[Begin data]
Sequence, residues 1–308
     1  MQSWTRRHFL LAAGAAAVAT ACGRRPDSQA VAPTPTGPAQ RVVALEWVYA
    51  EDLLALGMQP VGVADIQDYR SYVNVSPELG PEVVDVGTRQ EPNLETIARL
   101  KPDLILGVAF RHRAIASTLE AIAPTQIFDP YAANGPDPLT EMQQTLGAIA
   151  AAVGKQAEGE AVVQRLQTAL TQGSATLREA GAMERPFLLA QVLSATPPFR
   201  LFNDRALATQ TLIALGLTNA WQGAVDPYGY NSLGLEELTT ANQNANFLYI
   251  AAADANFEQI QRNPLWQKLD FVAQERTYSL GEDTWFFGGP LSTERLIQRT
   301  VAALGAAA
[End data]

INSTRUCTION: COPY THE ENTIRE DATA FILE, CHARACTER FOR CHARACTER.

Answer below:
Sequence, residues 1–308
     1  MQSWTRRHFL LAAGAAAVAT ACGRRPDSQA VAPTPTGPAQ RVVALEWVYA
    51  EDLLALGMQP VGVADIQDYR SYVNVSPELG PEVVDVGTRQ EPNLETIARL
   101  KPDLILGVAF RHRAIASTLE AIAPTQIFDP YAANGPDPLT EMQQTLGAIA
   151  AAVGKQAEGE AVVQRLQTAL TQGSATLREA GAMERPFLLA QVLSATPPFR
   201  LFNDRALATQ TLIALGLTNA WQGAVDPYGY NSLGLEELTT ANQNANFLYI
   251  AAADANFEQI QRNPLWQKLD FVAQERTYSL GEDTWFFGGP LSTERLIQRT
   301  VAALGAAA